4x4|April 2020
Ultimate version of Ford’s market-leading double-cab has more power and highly specialised suspension but isn’t classed as a commercial vehicle.

We don’t get many vehicles in on test that people stop us to ask about. But even before the Raptor arrived at our office, we knew it was going to attract attention.

There are quite a few Ranger drivers based on our business park. Every single one of them who saw one of us climb out of it came over to ask what it was like, as did a few others too. The petrol heads from around the place who know what we do for a living had all asked when we were going to have one on test, too.

Safe to say, the Ford Ranger Raptor has caught people’s imagination, with its race-bred image and new, range-topping engine. Yet with 210bhp, it’s well short of being the most powerful truck on the market – by something like 20%, in fact, thanks to the Merc X-Class and Volkswagen Tiguan.

It’s about more than just raw power, though. The Raptor’s styling is sensational – you don’t realise how much bigger and more imposing it is than a standard Ranger until you see them together, but it really is a whole different truck to look at.

This comes from a bigger wheels and tyres, a wider track and taller springs. Much has been made of the Raptor’s Fox suspension, and we’ll get on to this later, but for now we’ll just comment on the kerbside appeal it gives the vehicle – which is lots.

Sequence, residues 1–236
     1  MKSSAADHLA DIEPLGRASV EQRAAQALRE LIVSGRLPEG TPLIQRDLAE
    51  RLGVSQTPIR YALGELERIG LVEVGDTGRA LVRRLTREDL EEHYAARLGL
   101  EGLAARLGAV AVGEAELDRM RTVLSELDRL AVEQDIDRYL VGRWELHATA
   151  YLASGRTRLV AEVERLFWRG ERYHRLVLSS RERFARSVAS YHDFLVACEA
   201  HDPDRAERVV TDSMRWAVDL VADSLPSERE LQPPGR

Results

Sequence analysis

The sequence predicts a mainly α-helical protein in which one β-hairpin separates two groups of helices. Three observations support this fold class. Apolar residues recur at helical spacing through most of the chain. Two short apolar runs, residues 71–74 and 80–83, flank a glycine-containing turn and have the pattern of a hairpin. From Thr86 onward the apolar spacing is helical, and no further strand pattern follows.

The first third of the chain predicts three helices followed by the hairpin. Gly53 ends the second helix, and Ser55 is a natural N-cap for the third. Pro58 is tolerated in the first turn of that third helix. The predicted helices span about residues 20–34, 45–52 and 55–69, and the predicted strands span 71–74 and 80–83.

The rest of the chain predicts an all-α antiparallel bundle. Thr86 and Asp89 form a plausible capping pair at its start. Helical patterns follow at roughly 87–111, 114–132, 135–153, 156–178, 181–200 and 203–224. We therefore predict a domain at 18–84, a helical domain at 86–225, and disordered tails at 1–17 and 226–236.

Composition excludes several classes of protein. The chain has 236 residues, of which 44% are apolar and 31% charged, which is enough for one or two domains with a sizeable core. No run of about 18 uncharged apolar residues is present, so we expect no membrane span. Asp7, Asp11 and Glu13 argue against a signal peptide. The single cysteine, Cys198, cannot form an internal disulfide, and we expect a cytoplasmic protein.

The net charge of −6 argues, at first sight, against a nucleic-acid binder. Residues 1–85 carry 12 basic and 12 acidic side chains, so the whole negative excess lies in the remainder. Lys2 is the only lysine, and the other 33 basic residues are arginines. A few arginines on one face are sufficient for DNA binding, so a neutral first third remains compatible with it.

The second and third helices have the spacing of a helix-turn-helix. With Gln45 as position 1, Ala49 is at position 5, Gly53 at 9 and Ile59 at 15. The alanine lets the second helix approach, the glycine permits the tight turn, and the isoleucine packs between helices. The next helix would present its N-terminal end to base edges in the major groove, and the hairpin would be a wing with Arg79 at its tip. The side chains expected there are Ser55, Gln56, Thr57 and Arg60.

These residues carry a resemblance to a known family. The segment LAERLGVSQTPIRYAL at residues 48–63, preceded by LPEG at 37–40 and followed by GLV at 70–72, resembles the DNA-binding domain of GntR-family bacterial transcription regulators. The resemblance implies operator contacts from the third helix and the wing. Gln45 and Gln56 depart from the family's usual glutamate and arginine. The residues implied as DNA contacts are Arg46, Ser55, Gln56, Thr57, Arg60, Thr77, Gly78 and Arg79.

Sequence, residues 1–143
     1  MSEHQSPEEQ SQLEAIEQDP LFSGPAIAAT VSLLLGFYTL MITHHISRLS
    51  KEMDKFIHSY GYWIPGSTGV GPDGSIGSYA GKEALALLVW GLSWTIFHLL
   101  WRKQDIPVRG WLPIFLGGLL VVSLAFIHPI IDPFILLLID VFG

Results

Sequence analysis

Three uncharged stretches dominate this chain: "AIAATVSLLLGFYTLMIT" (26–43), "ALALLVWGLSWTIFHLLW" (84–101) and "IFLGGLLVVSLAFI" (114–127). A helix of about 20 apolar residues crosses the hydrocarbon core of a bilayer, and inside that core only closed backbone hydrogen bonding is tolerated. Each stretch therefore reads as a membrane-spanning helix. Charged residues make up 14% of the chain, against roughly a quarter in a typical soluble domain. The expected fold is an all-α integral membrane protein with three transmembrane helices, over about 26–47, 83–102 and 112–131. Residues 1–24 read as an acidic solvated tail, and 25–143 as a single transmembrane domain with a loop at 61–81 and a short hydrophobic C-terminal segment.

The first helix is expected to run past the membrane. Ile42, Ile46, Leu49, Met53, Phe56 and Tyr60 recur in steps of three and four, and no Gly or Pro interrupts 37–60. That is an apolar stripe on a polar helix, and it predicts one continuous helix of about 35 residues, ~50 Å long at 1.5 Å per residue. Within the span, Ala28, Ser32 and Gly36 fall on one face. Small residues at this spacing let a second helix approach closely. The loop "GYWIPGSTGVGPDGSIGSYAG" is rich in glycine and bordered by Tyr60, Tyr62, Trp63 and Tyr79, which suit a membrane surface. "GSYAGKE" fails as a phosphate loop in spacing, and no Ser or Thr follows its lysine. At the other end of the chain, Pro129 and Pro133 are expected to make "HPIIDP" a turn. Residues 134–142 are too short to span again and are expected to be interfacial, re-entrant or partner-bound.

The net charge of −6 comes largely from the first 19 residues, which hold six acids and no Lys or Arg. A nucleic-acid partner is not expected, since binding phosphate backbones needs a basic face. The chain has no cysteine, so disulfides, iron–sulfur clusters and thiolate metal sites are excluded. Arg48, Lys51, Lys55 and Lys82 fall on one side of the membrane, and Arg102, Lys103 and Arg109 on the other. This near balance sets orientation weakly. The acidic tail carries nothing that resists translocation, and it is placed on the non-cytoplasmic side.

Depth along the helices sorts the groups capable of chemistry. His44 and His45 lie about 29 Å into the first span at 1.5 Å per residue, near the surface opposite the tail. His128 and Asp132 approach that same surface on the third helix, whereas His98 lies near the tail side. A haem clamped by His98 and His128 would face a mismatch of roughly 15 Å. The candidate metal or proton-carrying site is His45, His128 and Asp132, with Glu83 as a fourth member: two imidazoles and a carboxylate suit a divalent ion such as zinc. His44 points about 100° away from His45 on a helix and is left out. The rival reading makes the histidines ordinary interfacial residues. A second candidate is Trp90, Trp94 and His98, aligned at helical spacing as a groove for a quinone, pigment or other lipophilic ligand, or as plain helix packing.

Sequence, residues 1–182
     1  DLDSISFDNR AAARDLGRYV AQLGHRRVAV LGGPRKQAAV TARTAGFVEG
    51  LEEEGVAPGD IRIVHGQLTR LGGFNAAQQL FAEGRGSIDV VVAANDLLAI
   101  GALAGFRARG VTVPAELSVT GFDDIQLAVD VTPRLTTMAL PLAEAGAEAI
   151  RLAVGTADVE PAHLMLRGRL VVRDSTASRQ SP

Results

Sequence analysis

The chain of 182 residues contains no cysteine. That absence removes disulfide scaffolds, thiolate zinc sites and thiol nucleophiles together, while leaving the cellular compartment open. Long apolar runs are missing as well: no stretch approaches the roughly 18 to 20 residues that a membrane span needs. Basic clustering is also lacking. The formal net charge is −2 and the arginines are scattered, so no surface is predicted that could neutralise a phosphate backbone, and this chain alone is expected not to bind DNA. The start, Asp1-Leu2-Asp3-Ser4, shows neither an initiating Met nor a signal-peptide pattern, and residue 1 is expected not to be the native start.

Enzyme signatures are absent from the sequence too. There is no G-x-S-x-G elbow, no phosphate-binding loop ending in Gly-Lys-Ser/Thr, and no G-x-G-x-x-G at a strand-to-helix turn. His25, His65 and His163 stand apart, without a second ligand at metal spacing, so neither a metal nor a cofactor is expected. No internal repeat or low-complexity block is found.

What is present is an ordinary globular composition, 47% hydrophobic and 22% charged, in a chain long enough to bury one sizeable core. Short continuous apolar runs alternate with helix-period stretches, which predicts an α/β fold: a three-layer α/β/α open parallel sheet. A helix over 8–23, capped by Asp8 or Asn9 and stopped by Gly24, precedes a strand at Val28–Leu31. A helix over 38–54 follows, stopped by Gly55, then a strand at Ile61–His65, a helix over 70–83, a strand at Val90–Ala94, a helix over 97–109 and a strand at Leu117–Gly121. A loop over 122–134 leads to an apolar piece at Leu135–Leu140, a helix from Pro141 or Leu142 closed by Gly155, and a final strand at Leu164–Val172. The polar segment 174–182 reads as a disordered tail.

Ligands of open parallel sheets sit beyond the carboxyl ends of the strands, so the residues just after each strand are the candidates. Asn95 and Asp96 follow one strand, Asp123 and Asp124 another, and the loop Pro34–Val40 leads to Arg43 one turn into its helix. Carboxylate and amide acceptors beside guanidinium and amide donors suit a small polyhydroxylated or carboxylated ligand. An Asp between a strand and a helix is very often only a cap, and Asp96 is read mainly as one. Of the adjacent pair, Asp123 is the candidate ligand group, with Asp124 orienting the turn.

‘Lots’ is also the word for the amount of money the Raptor costs. At £48,785 OTR including the VAT, it’s not the most expensive truck you can buy – however the top-spec versions of the Isuzu D-Max, Volkswagen Amarok and Mercedes X-Class that hover around the same price point all have one thing in common that the Raptor doesn’t – namely that you can get your VAT back on them. The problem is that the Raptor’s payload is less than 1000kg, which means that being a five-seater, it’s not classed as a commercial vehicle.


The Raptor has a few upgrades to call its own inside, but mainly its cabin is that of a Ranger Wildtrak. Which is to say that it’s very good. Its dash is clearly laid out and

Above: There are a few extra touches, like blue stitching on the sports-styled seats and a centre marker on the steering wheel, but by and large the Raptor’s cabin is pretty similar to that of any other high-spec Ranger model. Which is to say it’s very good indeed. Build and material quality are both excellent, and equipment levels are as high as it gets – as is the driving position, which is absolutely masterful executed in good quality materials, and it’s very well put together with almost no groans, creaks or unwanted movement in the fixtures and fittings.


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April 2020